Alright, it’s time to roll up our sleeves and start talking about Stone’s special release IPAs. First of all, for those that haven’t had Enjoy By IPA, do whatever you must to try this; it is incredible. Go, drive, run, to the nearest store and buy a bottle if it’s available in your city. I’m not a BJCP certified judge, but this beer would get 48-49/50 if I were to sit down with a scoresheet. I think my single improvement would be 5-10 more IBUs, but it’s quite literally a perfect DIPA. No seriously, Perfect.
So that leads us to the next point. I
want, need, absolutely must clone this beer. The recipe doesn’t look to hard to put together since Stone was fairly generous there, but we need to talk about yeast.
The general consensus (myself included) has been that Stone uses WLP007 – Dry English Ale yeast. It’s a great, fairly clean, quick fermenting, highly flocculate yeast, that’s an absolute workhorse. It’s rather versatile, and it’s fantastic in hoppy beers. I tried to clone Stone’s 10th Anniversary Ruination, and while I got very close, my beer under-attenuated. I’m not blaming that on the yeast strain, nor am I saying that the yeast character didn’t match the real beer. But I’m starting to see enough conflicting evidence on the web that Stone doesn’t use WLP007.
The most damning bit is straight from Stone. I can’t imagine that White Labs is banking WLP007 twice, under two different codes, so I’m just about certain 007 isn’t the yeast. If Stone got their house yeast from another brewery in Oregon, I should be able to narrow it down by looking for ones that were around before Stone. Bridgeport, Full Sail, Deschutes, Widmer, and Rogue are the breweries that were popular around the mid-nineties when Stone was starting. Widmer is the first I can scratch off the list, as a quick google search shows their yeast originated in Bavaria. Deschutes house yeast is well speculated, but most seem to think it’s Fuller’s(WLP002) or Ringwood. Both are big diacytl producers, and I just can’t see either as the one that Stone uses. The three that seem likely are Bridgeport, Full Sail, and Rogue.
All three breweries use proprietary yeasts, and all three were around when Stone started. I’m leaning against Bridgeport simply because their yeast comes across as too English to me. So that leaves Full Sail and Rogue, and we all know that Rogue uses Pacman yeast. The next big clue is that Mitch Steele has said that their yeast pretty much stops once they drop the temp under 70*. Now that probably translates to 66* at the homebrew level, but still, Pacman is well known for fermenting at 58-60F. Let’s cross that one off the list as well.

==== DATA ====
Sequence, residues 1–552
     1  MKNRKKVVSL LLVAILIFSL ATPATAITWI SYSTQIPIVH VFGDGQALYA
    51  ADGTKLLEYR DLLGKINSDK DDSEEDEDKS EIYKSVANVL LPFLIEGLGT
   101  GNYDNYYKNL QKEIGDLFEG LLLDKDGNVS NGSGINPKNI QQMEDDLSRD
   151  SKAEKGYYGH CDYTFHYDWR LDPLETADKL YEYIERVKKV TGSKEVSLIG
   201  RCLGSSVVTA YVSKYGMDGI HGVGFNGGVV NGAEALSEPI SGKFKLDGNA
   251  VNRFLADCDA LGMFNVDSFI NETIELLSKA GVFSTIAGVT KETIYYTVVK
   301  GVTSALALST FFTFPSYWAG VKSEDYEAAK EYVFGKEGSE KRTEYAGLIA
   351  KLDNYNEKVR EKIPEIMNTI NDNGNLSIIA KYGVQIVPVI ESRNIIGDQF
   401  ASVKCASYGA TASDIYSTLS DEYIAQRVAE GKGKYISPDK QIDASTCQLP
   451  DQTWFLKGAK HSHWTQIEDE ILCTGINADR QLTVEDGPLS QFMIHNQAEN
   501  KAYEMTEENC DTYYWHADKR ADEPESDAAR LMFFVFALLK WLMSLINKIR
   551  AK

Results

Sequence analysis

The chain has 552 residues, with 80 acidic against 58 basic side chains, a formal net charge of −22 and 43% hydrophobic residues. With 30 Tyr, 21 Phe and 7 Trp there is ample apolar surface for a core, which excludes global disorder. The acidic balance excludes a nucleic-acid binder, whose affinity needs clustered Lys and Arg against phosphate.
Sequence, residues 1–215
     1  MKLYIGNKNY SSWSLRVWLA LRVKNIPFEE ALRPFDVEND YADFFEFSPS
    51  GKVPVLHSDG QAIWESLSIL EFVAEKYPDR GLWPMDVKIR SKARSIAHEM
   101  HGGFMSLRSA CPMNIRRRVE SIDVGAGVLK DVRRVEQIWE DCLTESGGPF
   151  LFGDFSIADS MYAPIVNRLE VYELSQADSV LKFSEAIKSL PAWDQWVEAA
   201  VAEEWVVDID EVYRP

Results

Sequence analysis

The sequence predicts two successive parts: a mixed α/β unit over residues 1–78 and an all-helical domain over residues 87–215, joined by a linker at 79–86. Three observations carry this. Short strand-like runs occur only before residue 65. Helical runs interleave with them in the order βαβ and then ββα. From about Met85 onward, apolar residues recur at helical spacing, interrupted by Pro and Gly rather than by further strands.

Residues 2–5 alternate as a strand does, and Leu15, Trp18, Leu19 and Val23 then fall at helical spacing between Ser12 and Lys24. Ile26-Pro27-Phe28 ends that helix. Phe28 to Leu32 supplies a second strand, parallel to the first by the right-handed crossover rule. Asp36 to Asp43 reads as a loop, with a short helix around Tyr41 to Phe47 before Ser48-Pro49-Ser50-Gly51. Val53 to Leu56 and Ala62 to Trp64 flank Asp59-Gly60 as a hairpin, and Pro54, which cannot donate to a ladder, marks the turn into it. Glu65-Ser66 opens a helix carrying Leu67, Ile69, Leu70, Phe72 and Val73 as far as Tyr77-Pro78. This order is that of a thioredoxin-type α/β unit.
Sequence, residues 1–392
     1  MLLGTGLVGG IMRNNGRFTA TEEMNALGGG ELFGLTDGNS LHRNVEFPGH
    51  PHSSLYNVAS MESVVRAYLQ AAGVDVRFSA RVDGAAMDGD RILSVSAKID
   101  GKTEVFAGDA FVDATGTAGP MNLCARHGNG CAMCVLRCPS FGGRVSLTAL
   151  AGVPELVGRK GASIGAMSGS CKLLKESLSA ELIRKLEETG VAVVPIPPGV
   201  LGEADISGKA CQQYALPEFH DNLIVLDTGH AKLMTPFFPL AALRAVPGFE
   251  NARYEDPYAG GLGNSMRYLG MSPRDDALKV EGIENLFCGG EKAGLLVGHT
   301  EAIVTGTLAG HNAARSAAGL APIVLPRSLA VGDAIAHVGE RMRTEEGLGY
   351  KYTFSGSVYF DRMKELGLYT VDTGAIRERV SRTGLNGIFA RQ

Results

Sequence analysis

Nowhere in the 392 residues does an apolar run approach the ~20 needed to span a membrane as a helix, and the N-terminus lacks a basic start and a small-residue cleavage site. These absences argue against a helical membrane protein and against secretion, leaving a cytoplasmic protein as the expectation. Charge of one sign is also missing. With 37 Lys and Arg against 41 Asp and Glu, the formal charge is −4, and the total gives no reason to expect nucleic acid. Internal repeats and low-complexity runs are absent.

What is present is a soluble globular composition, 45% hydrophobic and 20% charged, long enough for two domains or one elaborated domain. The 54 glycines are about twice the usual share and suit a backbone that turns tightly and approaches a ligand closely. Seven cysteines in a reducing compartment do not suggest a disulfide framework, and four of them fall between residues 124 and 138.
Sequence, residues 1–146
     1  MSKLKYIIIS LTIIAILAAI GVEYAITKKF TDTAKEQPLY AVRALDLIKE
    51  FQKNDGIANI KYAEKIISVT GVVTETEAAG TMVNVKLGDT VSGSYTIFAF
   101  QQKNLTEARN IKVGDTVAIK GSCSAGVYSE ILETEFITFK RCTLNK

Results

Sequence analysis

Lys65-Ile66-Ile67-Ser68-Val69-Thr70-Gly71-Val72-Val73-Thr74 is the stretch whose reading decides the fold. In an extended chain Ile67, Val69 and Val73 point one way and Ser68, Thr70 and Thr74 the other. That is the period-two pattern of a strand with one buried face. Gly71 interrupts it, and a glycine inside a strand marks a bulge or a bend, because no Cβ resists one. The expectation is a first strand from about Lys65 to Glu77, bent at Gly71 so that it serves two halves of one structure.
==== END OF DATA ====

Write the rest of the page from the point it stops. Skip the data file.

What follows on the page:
So we’re left with Full Sail, or some brewery I’ve never heard of. Full Sail doesn’t bottle condition their beers, so we’re SOL anyway. For what it’s worth, WLP007 does seem to closely replicate the stone character, so I’ll stick with that. It’s not the exact yeast they use, but I suppose it’ll do.
Anyway, back to the potential recipe. The malt character of Enjoy By seems very similar to Stone’s 16th anniversary DIPA. I don’t get the spiciness from the rye that the 16th had, but it’s similar in a malt sense. That beer used Vienna, Light Munich, and Dark Munich. I’m going to assume this grist is similar. Although I haven’t read Mitch Steele’s new book, I know he has been really advocating against crystal malts in IPAs lately, which slightly affirms my thoughts on the grist. I normally don’t forecast what I brew before I brew it, but there’s a lot that’s up in the air with this recipe. I’d love some feedback and discussion about this one, so please comment if you have any thoughts. I did email Stone (reply pending) to get an idea of the hopping rates in the late kettle and whirlpool. I’m assuming roughly 1-1.5lb/bbl in the late kettle, and again in the whirlpool. I also asked if they’ll confirm my grist assumptions; we’ll see.
Target OG: 1.081
Target FG: 1.010
1lb Munich 20L
8oz Munich 10L
Mash at 146-148* for 90min
Stone gives the exact hops they use. I’m substituting a few based on what I have, what I want to use up, and what I feel won’t make a difference. You’ll see the real hop Stone uses in parenthesis.
2oz Belma (Calypso) – Mash Hopped
10ml Hop Extract @ 90min
1oz ea. Simcoe, Belma (Delta), Northern Brewer(Target), Amarillo @ 15
1oz ea. Citra, Cascade, Centennial (Motueka) @ Flameout
Whirlpool for 15-20min
WLP007 – Dry English Ale Yeast
Dry Hop 1: 1.5oz ea Nelson Sauvin & Galaxy
Dry Hop 2: 1.5oz ea Nelson Sauvin & Galaxy
I’ve got a couple beers on deck before I’ll get a chance to brew this. If anyone has taken a stab at it, or has any feedback, let me know. I think the two big unknowns are if the late-kettle and whirlpool additions are all equal blends, and how big those additions are. The nose of this beer is all Nelson and Galaxy, which makes me fairly confident though. The other big challenge is simply brewing a double IPA this fantastic. The hop aroma jumps from the glass, and it smells like you’re sticking your head in a bale of hops — not easy to replicate.
Mitch Steele actually replied to the email I sent. I really appreciate when companies take the time to answer questions. Anyway, he said the malt bill is just straight pale malt. He said feel free to try some English Pale Malt. I don’t know if that means 100% English pale malt, or not. He also said to use some clear candi sugar or dextrose. Finally he confirmed the late kettle additions are a little over 1lb/bbl each, so my guess of 4oz per addition was right on target.
I ran some numbers, and I think ~ 65% English Pale (3.5L) and 30% American (5% dextrose) will get the SRM I’m looking for. It’s quite possible that they are using 100% English pale, but I’ll start with this grist, and go from there.
This beer is third in line, so I should be brewing it around late March.